On Education

-DE VOLUNTATE JUVENUM-

Long, O my Son, hath been this Digression from the plain path of My word concerning Children; but it was most needful that thou shouldst understand the Limits of true Liberty. For that is not the Will of any Man which ultimateth in his own Ruin and that of all his Fellows; and that is not Liberty whose Exercise bringeth him to Bondage. Thou mayst therefore assume that it is always an essential Part of the Will of any Child to grow to Manhood or to Womanhood in Health, and his Guardians may therefore prevent him from ignorantly acting in Opposition thereunto, Care being always taken to remove the cause of Error, namely, Ignorance, as aforesaid. Thou mayst also assume that it is Part of the Child’s Will to train every Function of the Mind; and the Guardians may therefore combat the Inertia which hinders its Development. Yet here is much Caution necessary, and it is better to work by exciting and satisfying any natural Curiosity than by forcing Application to set Tasks, however obvious this Necessity may appear.

-DE MOOD DISPUTANDI-

Now in this training of the Child is one most dear Consideration, that I shall impress upon thee as is Conformity with out holy Experience in the way of Truth. And it is this, that since that which can be thought is not true, every Statement is in some Sense disputable. Therefore in every Case, even the simplest, the Child should be taught not only the Thesis, but also its opposite, leaving the Decision to the child’s own Judgment and good Sense, fortified by Experience. And this Practice will develop its Power of Thought, and its Confidence in itself, and its Interest in all Knowledge. But most of all beware against any Attempt to bias its Mind on any Point that lieth without the Square of ascertained and undisputed Fact. Remember also, even when thou art most sure, that so were they sure who gave Instruction to the young Copernicus. Pay Reverence also to the Unknown unto whom thou presumest to impart thy knowledge; for he may be one greater than thou.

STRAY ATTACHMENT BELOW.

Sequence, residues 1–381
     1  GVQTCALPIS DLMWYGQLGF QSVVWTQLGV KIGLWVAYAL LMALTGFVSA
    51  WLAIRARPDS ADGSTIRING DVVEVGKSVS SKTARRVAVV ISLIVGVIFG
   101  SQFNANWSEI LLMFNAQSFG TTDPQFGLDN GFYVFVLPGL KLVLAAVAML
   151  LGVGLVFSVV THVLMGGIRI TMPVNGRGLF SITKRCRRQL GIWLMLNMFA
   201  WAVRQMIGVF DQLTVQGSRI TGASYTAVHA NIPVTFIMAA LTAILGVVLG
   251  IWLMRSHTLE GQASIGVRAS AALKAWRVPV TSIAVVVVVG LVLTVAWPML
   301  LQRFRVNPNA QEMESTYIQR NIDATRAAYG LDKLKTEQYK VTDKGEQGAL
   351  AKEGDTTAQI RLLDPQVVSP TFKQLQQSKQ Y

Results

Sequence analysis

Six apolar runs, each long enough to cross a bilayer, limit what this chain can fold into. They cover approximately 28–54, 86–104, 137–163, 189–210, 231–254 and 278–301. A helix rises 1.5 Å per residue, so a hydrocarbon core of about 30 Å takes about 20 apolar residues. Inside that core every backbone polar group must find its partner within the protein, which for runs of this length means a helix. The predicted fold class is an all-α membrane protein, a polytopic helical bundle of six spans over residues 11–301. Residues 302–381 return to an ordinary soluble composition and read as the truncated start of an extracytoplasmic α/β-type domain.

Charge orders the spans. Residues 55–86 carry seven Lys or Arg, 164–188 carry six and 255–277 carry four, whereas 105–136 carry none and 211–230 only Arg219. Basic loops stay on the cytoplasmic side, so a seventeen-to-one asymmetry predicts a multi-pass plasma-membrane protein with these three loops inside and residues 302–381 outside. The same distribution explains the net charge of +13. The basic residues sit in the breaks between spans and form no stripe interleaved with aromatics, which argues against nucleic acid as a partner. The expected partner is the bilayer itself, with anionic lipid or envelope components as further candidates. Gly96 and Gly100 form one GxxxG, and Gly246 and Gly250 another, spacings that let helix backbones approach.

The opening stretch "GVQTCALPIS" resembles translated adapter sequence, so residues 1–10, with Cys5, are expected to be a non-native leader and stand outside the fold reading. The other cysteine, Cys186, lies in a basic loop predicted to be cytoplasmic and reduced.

-DE VOLUTATE JUVENIS COGNOSCENDA-

It is important that thou shouldst understand as early as may be what is the true Will of the Child in the Matter of his Career. Be thou well aware of all Ideals and Daydreams; for the Child is himself, and not thy Toy. Recall the comic Tragedy of Napoleon and the King of Rome; build not an House for a wild Goat, nor plant a Forest for the Domain of a Shark. But be thou vigilant for every Sign, conscious and unconscious, of the Will of the Child, giving him then all Opportunity to pursue the Path which he thus indicates. Learn this, that he, being young, will weary quickly of all false Ways, however pleasant they may be to him at the Outset; but of the true Way he will not weary. This being in this Manner discovered, thou mayst prepare it for him perfectly; for no man can keep all Roads open for ever. And to him making his Choice explain how one may not travel far on any one Road without a general Knowledge of Things apparently irrelevant. And with that he will understand, and bend him wisely to his Work.

-DE ARTE MENTIS COLENDI MATHEMATICA-